Those convicted in Simon Danczuk constituency for grooming of white British girls in May 2012, included 8 men of Pakistani origin and one from Afghanistan. Judge Gerald Clifton who sentenced the men said they treated the girls as though they were worthless and beyond respect” he added “One of the factors leading to that was the fact that they were not part of your community or religion”

The men were of predominantly Pakistani Muslim origin.

As in Simon Danczuk’s example, by masking the identity of perpetrators by using vague terminology ‘Asian’, we are unable to have a mature discussion or get to the root cause of an emerging pattern of criminality. This is important because…..

· Use of the word ‘Asian’ is unfair to Sikhs, Hindus and other communities who are of Asian origin and have not been involved in the emerging pattern of convictions for sexual grooming.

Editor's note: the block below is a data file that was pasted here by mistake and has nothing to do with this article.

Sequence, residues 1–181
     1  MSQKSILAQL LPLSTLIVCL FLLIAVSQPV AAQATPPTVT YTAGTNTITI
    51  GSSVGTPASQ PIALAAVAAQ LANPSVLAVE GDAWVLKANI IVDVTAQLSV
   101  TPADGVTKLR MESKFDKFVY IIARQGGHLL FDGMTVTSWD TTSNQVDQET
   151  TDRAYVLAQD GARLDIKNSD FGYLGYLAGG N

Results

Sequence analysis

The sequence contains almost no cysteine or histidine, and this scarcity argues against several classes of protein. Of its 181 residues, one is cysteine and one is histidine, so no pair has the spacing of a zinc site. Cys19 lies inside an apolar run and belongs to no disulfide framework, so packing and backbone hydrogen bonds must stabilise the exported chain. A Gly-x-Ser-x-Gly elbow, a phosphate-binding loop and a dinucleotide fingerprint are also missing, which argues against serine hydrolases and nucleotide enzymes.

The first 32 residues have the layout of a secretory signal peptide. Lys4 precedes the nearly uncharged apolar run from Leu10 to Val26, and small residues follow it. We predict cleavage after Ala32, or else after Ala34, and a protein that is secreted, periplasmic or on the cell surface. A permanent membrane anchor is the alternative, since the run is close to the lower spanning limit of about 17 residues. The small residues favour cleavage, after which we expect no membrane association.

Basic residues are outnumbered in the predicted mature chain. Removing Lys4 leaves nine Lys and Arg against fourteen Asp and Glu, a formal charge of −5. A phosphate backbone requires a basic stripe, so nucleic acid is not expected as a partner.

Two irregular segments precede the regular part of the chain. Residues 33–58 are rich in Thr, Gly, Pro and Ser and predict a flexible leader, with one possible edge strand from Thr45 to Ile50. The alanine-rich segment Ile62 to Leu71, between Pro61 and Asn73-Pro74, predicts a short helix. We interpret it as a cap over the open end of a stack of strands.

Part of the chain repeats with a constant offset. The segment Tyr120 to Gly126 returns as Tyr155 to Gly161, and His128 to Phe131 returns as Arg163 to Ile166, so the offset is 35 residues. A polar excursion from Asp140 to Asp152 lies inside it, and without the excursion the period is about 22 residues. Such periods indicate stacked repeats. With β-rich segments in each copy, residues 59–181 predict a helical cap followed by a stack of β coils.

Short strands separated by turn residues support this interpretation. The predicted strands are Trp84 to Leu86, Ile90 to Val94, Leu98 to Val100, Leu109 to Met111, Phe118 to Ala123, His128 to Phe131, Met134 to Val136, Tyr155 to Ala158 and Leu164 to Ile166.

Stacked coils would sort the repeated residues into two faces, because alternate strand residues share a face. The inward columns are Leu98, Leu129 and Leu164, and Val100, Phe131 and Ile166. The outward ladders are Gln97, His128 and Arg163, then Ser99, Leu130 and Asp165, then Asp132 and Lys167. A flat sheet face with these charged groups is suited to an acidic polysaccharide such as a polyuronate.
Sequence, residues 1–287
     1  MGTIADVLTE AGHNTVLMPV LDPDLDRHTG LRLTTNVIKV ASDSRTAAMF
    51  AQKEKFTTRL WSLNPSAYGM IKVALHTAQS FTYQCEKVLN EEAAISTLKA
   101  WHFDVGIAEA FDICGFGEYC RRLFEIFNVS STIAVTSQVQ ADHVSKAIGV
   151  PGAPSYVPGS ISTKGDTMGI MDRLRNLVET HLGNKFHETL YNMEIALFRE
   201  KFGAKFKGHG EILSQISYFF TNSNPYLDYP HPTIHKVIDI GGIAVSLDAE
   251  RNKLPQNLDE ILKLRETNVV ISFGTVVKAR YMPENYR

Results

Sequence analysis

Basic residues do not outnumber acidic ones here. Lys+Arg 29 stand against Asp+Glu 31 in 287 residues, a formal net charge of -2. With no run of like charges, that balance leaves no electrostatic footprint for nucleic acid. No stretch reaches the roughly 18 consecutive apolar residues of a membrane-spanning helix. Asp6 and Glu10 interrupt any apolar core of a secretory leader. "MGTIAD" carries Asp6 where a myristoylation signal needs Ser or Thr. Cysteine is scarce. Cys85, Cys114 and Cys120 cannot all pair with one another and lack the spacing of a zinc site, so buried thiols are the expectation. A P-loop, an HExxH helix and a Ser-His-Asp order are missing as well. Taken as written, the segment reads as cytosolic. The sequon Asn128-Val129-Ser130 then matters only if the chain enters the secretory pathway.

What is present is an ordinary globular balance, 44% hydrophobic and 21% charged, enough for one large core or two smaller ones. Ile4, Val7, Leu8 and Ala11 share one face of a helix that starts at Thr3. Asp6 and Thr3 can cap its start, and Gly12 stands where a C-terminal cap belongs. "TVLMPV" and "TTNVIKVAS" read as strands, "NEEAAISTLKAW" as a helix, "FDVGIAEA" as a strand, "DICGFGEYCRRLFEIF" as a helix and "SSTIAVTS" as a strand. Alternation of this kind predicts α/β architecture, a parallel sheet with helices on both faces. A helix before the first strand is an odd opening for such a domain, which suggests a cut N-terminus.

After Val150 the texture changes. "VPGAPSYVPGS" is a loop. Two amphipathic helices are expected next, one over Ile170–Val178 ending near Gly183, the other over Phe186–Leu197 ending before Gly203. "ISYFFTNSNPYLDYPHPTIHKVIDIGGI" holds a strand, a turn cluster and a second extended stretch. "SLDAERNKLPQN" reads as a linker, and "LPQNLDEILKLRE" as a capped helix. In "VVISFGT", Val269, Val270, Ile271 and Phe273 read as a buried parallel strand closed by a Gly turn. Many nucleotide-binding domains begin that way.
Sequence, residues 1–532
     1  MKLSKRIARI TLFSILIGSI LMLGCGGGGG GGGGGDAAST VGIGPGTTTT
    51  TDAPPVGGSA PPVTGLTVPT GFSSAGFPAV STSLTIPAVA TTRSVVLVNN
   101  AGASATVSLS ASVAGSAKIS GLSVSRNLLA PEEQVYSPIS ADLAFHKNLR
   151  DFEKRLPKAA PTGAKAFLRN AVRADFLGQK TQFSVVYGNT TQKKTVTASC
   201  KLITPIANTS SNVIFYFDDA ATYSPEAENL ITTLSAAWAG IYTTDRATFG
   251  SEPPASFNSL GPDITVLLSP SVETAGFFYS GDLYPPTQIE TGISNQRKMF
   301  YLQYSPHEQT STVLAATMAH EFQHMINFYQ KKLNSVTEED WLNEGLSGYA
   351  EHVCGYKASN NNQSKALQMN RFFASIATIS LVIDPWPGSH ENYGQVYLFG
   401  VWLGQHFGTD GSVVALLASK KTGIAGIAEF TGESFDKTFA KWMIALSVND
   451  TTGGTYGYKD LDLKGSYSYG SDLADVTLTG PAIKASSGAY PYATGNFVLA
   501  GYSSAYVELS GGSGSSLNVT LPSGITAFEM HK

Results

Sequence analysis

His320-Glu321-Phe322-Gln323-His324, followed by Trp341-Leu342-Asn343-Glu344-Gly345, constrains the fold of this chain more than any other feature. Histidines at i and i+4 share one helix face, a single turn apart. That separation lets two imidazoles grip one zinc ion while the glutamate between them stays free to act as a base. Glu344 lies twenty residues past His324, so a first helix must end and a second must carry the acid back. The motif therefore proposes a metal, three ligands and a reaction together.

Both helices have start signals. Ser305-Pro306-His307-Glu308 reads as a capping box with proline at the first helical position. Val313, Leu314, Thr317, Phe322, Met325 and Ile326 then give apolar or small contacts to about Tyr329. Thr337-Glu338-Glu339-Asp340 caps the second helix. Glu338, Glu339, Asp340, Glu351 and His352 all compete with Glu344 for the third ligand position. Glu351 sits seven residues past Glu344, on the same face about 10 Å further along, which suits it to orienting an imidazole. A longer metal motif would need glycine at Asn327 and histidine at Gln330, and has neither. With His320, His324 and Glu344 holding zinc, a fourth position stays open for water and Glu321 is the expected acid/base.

· 1.1 The reported convictions of men for sexual grooming of white British girls, almost always involve men of Pakistani origin.

· 1.2 There is reluctance by both government and media to discuss the disproportionate representation of Muslims in such cases.

· 1.3 Victims are almost always non-Muslim girls

· 1.4 The Hindu and Sikh communities have been complaining about targeting of their girls by Muslim men for decades

· 1.5 In August 2013, Muslim men were amongst those convicted for the sex grooming of a Sikh girl in Leicester.

· 1.6 Communities who themselves fall victim of this emerging pattern of criminality, should not be besmirched by the vague terminology ‘Asian’.

· 1.7 In order to help find a solution to the problem, we need to be clear on the identity of those involved. We will not be able to do this if we mask the identity based on misguided views of protecting a vulnerable community of perpetrators and not looking at the vulnerable community of victims.

· 1.8 Political correctness by some of our elected representatives is stifling an important debate.

· 1.9 We believe that in this case the government itself is sanctioning the use of term Asian as a way of clouding responsibility.

The Network of Sikh Organisations –

Sikh Media Monitoring Group

Hindu Council UK –

Sikh Awareness Society